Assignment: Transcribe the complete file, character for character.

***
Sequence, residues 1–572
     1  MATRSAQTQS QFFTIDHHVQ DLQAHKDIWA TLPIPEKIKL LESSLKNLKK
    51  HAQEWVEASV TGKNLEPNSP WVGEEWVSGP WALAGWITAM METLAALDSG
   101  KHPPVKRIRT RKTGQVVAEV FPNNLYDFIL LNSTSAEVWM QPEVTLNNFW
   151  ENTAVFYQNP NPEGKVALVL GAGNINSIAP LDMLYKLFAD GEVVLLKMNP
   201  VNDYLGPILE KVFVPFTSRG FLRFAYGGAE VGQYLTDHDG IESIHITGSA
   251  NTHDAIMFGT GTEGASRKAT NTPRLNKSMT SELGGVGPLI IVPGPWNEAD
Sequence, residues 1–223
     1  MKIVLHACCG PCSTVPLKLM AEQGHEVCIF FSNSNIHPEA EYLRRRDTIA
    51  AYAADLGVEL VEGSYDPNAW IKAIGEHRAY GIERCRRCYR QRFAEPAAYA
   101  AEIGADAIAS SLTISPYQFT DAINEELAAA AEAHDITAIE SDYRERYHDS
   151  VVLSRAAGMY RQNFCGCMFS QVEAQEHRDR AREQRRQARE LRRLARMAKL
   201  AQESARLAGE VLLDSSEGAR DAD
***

Sequence, residues 1–572
     1  MATRSAQTQS QFFTIDHHVQ DLQAHKDIWA TLPIPEKIKL LESSLKNLKK
    51  HAQEWVEASV TGKNLEPNSP WVGEEWVSGP WALAGWITAM METLAALDSG
   101  KHPPVKRIRT RKTGQVVAEV FPNNLYDFIL LNSTSAEVWM QPEVTLNNFW
   151  ENTAVFYQNP NPEGKVALVL GAGNINSIAP LDMLYKLFAD GEVVLLKMNP
   201  VNDYLGPILE KVFVPFTSRG FLRFAYGGAE VGQYLTDHDG IESIHITGSA
   251  NTHDAIMFGT GTEGASRKAT NTPRLNKSMT SELGGVGPLI IVPGPWNEAD
Sequence, residues 1–223
     1  MKIVLHACCG PCSTVPLKLM AEQGHEVCIF FSNSNIHPEA EYLRRRDTIA
    51  AYAADLGVEL VEGSYDPNAW IKAIGEHRAY GIERCRRCYR QRFAEPAAYA
   101  AEIGADAIAS SLTISPYQFT DAINEELAAA AEAHDITAIE SDYRERYHDS
   151  VVLSRAAGMY RQNFCGCMFS QVEAQEHRDR AREQRRQARE LRRLARMAKL
   201  AQESARLAGE VLLDSSEGAR DAD